The world’s biggest wildlife fair poured £750,000 into the local economy and educated, informed and entertained more than 22,000 people.
Since the Birdfair started at Rutland Water 26 years ago, it has also given £3.5million to global conservation partnership Birdlife International.
Tim Appleton, event organiser said: “It’s one of the biggest contributors to bird conservation. And it is all happening in a tiny field in Rutland.
“It has a massive impact all over the world.
“And it’s a really good thing for the local community.”
The 370 exhibitors from 58 countries around the world including Indonesia, Malaysia, Japan, Argentina, Australia, New Zealand and African and European countries occupied eight massive marquees at the site and helped to attract record numbers of men, women and children this year.
Mr Appleton, who joined the nature reserve at Rutland Water in 1975, is one of the founders of the event that was first hosted in 1989.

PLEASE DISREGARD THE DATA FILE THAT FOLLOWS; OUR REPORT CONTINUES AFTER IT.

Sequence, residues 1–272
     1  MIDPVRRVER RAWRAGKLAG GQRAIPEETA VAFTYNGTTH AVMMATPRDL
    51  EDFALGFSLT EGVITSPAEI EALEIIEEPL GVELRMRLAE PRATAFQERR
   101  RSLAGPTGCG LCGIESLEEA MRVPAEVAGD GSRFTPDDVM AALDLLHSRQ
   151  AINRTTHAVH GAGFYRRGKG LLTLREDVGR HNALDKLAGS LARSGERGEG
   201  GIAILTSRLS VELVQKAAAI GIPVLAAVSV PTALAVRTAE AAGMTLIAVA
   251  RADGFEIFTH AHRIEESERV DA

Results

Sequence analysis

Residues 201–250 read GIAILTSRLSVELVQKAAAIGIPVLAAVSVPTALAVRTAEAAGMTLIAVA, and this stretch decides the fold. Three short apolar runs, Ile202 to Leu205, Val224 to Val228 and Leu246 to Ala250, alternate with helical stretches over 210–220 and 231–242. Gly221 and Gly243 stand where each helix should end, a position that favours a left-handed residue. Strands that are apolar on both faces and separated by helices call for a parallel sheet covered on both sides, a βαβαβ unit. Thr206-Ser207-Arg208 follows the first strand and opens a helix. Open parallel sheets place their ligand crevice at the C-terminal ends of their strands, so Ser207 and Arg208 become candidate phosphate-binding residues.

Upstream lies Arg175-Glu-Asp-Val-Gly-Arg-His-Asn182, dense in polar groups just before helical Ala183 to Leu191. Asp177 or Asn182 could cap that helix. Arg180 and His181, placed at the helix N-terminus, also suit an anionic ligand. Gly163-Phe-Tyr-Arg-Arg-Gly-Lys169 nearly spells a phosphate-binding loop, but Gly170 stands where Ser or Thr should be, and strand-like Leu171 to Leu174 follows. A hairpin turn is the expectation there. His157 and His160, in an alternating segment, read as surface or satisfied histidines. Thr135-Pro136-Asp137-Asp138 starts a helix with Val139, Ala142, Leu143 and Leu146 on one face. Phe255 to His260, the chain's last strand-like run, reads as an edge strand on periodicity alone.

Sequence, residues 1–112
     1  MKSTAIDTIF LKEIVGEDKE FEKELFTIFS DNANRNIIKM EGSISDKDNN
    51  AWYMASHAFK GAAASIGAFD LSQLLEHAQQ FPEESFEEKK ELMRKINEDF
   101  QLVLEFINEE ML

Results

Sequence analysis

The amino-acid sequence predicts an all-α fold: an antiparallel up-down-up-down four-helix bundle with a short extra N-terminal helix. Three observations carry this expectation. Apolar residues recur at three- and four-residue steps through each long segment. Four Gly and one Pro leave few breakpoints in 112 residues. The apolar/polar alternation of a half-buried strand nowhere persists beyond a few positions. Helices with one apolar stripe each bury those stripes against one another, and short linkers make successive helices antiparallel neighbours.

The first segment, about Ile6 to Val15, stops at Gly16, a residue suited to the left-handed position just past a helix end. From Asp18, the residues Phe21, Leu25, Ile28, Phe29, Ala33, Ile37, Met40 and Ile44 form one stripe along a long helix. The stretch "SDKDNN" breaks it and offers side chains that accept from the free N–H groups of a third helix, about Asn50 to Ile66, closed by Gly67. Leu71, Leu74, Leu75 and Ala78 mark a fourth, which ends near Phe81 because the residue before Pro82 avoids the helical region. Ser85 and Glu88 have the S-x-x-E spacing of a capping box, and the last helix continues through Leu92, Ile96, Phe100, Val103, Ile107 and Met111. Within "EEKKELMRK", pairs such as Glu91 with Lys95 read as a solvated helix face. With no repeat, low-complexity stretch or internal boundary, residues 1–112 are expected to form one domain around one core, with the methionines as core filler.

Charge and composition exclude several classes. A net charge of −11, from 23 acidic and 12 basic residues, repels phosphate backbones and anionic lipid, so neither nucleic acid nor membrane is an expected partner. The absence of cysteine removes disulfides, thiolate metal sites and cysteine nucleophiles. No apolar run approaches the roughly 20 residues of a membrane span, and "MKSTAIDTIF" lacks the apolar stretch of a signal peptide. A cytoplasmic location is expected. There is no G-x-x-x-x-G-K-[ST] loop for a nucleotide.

He said: “Now it’s the world’s biggest wildlife event.”
Estimates show the public spent more than £1 million a day at the Birdfair’s many stalls and workshops and lecture marquees were the bird-world’s greats including Chris Packham, Bill Oddie, Stephen Moss and Mike Dilgern gave talks.
“We are lucky to have all these people’s support,” Mr Appleton said.
“Many of the top personalities have been supporting Birdfair for many years.
“There were 200 volunteers helping over the three days at the weekend.”
The estimated profits from the event this year of about £300,000 will go to save seas and oceans around the world.
Mr Appleton said: “By 2020 the governments of all the responsible nations of the world want to get 10 per cent of all the oceans protected. At the moment only 1.8 per cent is protected.
“Marine life from fish to wildlife, everything that goes into the sea, is vital to the whole biodiversity of our world.
“From my point of view the threatened species are sea birds. They are going through a massive decline all over the world. That is a massive, massive challenge.”
Birdfair is held annually in August and is jointly promoted by the RSPB and the Leicestershire and Rutland Wildlife Trust.